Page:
Variable Titin-Based Stiffness Adjustment in Heart Disease
To the Editor:
Several issues in a previous letter to the Editor1 concerning our work on titin in heart disease require clarification. We have studied titin isoform expression in the canine pacing model of heart failure2 and found that in controls, stiff (N2B) and compliant (N2BA) cardiac titin isoforms are coexpressed at ≈1:1 ratio, whereas after pacing, the stiff isoform is upregulated at the expense of the more compliant one.2 Using skinned muscle strips dissected from the midwall region of the left ventricle (LV) (note that we did not use myofibrils, as suggested by others1), we showed that titin-based passive stiffness is elevated in paced animals. The use of muscle strips provides more representative data (we studied ≈5 muscles per heart with each containing ≈105 myofibrils) than the use of single myofibrils. Considering the variation in isoform expression ratio (including variation within individual cells3), studying only a few myofibrils (3 to 5 per heart in the Neagoe et al4 study) has the potential for results that are not representative. Furthermore, gel electrophoresis can be performed with muscle strips but not single myofibrils, allowing the intactness of titin in muscle strip preparations (but not myofibrils) to be verified.1 Finally, muscle can be studied before and after abolishing titin-based passive stiffness (by extracting titin’s anchors in the sarcomere), providing information about the contribution to passive stiffness of collagen as well as titin.2 Although each type of preparation (myofibril and muscle) has benefits and drawbacks, muscle is a suitable choice for studying the molecular basis of passive stiffness and its adjustments in disease.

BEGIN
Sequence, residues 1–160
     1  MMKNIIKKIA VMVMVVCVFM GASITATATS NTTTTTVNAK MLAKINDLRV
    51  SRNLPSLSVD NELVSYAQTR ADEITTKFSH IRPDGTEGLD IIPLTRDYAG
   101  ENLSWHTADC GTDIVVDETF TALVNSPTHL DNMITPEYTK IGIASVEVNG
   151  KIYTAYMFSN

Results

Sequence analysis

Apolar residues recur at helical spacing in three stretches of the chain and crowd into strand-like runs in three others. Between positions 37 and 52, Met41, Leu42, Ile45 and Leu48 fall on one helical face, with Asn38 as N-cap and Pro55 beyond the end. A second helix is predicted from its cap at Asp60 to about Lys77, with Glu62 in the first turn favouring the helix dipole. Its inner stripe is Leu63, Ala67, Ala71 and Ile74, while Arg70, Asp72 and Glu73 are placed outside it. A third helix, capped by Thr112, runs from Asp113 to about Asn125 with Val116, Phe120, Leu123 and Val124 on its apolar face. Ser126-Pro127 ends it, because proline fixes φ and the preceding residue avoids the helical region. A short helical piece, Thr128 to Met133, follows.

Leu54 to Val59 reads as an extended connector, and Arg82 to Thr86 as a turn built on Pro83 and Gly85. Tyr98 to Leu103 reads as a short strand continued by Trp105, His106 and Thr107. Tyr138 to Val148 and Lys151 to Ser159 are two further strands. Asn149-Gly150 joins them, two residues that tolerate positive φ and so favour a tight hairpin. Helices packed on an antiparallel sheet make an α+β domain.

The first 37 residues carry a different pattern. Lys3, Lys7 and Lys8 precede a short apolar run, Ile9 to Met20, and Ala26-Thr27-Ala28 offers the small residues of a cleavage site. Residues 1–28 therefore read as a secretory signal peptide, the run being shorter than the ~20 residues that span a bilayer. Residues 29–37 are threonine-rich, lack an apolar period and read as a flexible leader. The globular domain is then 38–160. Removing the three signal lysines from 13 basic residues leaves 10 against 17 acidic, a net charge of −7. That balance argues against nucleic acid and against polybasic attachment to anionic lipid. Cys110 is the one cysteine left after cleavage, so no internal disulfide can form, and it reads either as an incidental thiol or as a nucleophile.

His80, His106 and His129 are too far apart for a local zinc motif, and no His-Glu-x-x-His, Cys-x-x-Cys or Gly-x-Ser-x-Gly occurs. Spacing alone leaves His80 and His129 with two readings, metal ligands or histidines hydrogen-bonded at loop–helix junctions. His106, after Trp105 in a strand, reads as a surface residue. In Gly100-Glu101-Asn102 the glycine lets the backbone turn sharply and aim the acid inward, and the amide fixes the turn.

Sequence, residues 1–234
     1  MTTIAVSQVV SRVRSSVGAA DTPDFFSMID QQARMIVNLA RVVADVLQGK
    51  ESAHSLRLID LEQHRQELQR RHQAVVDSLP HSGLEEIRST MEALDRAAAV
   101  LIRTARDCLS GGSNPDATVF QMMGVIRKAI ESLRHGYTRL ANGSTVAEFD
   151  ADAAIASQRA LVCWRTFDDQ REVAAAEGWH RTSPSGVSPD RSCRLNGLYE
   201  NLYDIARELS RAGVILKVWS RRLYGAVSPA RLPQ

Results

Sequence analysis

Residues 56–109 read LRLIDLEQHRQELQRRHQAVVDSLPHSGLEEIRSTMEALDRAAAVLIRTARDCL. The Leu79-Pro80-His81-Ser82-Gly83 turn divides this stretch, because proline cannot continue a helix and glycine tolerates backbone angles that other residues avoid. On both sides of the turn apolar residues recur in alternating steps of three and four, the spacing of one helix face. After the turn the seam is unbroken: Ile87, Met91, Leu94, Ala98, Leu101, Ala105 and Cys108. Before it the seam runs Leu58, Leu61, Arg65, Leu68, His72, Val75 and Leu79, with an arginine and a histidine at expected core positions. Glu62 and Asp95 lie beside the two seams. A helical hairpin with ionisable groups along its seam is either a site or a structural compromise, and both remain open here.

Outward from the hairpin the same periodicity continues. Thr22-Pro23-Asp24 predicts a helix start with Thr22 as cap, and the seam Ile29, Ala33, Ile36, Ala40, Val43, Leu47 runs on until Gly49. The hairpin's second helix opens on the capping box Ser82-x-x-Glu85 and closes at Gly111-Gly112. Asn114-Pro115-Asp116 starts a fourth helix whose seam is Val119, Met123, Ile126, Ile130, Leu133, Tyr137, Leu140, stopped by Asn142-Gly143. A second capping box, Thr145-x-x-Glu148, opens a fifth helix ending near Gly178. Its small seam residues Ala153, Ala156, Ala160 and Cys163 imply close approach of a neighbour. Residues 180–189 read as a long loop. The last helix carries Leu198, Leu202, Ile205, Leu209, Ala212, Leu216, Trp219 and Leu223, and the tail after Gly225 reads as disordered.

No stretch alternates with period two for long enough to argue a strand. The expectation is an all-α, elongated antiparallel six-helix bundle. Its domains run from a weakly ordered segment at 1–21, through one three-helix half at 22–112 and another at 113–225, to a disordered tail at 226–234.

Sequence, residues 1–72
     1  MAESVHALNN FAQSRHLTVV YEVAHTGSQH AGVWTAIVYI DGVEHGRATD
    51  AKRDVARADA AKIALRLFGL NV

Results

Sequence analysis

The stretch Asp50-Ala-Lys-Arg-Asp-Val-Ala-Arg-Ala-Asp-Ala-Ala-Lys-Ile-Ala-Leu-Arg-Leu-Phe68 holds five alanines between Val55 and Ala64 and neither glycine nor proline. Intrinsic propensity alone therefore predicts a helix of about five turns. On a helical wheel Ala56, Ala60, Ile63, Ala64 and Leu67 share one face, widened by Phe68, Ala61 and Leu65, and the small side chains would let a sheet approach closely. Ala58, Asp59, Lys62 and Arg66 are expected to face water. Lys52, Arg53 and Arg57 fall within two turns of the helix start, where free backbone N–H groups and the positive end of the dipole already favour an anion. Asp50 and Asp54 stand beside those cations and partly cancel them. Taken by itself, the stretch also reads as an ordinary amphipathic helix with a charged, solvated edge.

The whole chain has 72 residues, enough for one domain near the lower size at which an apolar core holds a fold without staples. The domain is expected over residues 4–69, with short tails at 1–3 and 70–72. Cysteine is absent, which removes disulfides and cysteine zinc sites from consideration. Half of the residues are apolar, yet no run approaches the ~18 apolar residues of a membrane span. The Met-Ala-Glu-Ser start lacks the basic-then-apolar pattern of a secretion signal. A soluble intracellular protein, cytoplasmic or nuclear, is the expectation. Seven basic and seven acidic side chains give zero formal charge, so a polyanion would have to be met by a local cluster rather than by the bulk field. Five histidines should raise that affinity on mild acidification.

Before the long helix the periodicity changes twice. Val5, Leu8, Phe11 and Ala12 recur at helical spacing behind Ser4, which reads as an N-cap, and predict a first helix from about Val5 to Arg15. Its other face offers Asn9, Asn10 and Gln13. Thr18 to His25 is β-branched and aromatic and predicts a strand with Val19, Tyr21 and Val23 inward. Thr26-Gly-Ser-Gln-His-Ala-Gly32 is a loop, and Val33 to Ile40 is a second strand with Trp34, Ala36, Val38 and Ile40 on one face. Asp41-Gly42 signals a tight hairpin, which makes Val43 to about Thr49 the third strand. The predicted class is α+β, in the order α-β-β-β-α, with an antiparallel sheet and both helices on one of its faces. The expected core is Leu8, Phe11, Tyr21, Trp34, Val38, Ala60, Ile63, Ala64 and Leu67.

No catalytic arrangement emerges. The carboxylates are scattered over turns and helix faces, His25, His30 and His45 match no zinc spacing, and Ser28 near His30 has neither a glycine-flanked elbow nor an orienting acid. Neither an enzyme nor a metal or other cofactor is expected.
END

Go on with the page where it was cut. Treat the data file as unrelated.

Upregulation of N2B titin in the pacing model is in contrast to the upregulation of N2BA titin reported by Neagoe et al4 to occur in human transplant hearts with coronary artery disease (CAD). Both canine and human models express similar levels of compliant N2BA and stiff N2B titins in control myocardium, and the titin-based stiffness will therefore be intermediate between that of sarcomeres that express solely N2B or solely N2BA titin. The equal amounts of N2BA and N2B titin and the resulting intermediate stiffness allow for considerable adjustment. Sarcomeres can greatly increase compliance by increasing the N2BA/N2B expression ratio (human transplant hearts with CAD4) or greatly increase stiffness by reducing this ratio (canine rapid pacing model2). Thus, processing of the titin pre-mRNA is subject to subtle regulatory mechanisms that control entry to either the N2B or N2BA splice pathways. We believe that the studies on canine2 and human4 models indicate that, depending on the disease state, treatment regimen, and (perhaps) species, a range of adjustments can occur, leading to either increased or decreased passive stiffness.
Wu Y, Bell SP, Trombitas K, et al. Changes in titin isoform expression in pacing-induced cardiac failure give rise to increased passive muscle stiffness. Circulation. 2002; 106: 1384–1389.
Trombitás K, Wu Y, Labeit D, et al. Co-expression of titin isoforms in the sarcomere of cardiac muscle: a mechanism to tune the diastolic properties of the heart. Am J Physiol Heart Circ Physiol. 2001; 281: 1793–1799.
Neagoe C, Kulke M, del Monte F, et al. Titin isoform switch in ischemic human heart disease. Circulation. 2002; 106: 1333–1341.